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How herbal extracts are made: the factory tour

24/09/2012

A short time ago I was lucky enough to be invited to join a lovely group of herbalists for a tour of the Mediherb production facility at Warwick.

The impressive herbal medicine headquarters is where hundreds of raw herbs are received in great big hessian bags from the best quality sources ranging the world over.  Each herb is tested as a sample, before the herb is ordered in bulk and on receipt of the final order is once again tested again to identify that it is the correct herb, to satisfy quality standards with chemical markers and to ensure over all safety. Mediherb’s commitment to testing ensures that they do reject herbs that do not meet quality standards or are substituted with cheaper (sometimes toxic) herbs.

The herbs are then milled and transferred to the factory building of the site.  Here the raw herbs are mixed with ethanol as a solvent to make the herbal extract that will be used in your herbal liquid formula.  The extraction room is filled with large canisters operating like coffee percolators as the solvent works its way through the raw herb to drip the finished product out underneath.  It is at this point, the herbal extract is tested again, to ensure that the correct therapeutic compounds have been extracted and in the right quantities.

If the laboratory approves the extract it is then ready for the bottling line to become a finished product.

The herbal testing occurs at a state of the art laboratory offsite.  Again, this facility is very impressive and the range of equipment used to identify the herbs, ensure quality and test expiry dates is both extensive and fascinating.  Testing is also done here to the same high level for several other Integria ranges including Sunspirit Oils.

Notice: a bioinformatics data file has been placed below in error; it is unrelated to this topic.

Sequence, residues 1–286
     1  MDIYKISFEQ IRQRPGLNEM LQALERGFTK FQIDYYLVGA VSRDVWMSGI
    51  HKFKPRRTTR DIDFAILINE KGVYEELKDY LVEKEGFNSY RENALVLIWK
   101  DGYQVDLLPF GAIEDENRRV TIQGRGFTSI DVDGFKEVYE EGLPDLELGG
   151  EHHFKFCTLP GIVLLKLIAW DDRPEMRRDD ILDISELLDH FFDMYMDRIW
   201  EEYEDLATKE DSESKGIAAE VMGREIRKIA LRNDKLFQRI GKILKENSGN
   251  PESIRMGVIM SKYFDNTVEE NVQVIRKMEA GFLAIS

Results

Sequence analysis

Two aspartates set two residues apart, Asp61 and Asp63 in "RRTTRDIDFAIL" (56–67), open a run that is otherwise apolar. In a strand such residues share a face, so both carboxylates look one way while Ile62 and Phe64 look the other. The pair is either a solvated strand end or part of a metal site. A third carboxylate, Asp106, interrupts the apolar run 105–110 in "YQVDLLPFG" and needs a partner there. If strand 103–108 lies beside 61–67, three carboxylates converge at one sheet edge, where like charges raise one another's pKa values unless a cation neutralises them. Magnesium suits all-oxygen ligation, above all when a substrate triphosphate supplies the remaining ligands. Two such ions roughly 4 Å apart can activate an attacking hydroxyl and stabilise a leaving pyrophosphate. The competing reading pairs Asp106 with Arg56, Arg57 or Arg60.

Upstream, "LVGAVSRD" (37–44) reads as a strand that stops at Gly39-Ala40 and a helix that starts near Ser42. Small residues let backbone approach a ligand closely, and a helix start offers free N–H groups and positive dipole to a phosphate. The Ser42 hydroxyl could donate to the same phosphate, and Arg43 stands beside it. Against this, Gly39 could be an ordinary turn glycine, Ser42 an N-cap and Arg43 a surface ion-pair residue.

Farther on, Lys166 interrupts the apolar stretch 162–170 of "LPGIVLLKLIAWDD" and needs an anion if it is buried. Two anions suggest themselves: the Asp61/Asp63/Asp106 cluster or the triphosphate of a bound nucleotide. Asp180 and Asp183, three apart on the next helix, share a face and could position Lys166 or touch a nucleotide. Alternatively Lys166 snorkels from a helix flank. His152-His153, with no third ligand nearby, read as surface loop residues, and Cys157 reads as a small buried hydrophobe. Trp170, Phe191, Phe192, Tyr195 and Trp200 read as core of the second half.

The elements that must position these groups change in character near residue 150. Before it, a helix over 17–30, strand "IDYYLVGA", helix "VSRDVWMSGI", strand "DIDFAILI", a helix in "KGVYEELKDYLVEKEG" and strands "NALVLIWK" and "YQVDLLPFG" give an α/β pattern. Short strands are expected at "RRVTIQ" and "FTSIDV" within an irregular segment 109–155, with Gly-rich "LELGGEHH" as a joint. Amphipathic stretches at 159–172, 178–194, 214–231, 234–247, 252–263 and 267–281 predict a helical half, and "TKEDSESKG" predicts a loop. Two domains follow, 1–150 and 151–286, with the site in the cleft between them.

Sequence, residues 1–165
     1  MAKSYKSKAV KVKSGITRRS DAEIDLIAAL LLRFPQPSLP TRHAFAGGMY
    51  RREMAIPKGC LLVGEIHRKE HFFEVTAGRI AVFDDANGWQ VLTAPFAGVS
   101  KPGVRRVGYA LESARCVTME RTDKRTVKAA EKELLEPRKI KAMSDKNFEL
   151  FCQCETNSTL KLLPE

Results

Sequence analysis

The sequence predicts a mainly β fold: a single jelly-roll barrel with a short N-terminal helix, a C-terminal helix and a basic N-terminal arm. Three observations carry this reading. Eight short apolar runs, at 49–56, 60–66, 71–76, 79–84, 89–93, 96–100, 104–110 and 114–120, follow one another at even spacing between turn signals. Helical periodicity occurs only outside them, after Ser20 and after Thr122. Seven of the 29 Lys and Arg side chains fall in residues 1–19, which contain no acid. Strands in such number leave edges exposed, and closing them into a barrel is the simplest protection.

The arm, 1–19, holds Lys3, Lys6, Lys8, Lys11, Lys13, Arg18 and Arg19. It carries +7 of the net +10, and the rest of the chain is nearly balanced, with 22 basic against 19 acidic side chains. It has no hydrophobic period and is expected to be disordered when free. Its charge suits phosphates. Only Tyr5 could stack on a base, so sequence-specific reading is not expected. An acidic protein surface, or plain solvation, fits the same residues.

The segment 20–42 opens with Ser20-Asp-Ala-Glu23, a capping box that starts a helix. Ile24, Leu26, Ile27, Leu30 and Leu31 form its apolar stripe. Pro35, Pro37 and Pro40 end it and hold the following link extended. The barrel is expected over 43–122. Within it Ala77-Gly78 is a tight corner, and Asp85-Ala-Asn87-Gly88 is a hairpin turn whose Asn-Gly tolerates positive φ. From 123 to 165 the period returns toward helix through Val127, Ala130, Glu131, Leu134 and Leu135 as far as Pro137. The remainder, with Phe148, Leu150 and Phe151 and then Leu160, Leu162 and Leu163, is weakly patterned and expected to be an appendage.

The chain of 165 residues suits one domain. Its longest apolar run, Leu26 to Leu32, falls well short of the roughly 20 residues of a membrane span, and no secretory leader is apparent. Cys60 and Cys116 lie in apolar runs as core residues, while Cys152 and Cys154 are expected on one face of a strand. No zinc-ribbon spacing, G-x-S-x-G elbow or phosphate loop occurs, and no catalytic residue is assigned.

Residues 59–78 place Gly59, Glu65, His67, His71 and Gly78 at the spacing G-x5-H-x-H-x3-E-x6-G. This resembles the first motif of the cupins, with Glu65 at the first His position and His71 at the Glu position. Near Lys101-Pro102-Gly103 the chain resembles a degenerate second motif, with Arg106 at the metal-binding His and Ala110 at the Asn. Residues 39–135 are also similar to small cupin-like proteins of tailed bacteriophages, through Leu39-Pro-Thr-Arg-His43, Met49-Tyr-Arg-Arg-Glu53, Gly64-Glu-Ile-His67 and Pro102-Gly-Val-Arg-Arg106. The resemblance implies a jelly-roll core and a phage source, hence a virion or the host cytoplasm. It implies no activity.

The whole process to produce the liquid extract can take at least several weeks  with many stages and people involved to ensure that the herb is preserved and retains its natural therapeutic properties at a high level.

So, next time you are taking your herbal tonic (or ‘jungle juice’, ‘rocket fuel’, ‘goop’ or whatever your nickname is for it), you can be grateful for the remarkable journey the herbs have made to find their way into a little bottle to bring you good health.

For further information on Chinese Medicine contact Dr Sarah George (Acupuncture).  Sarah is a practitioner of acupuncture (AHPRA registered), massage therapy and natural health at her Broadbeach clinic and is the Chinese Medicine Senior Lecturer at the Endeavour College of Natural Health Gold Coast campus.

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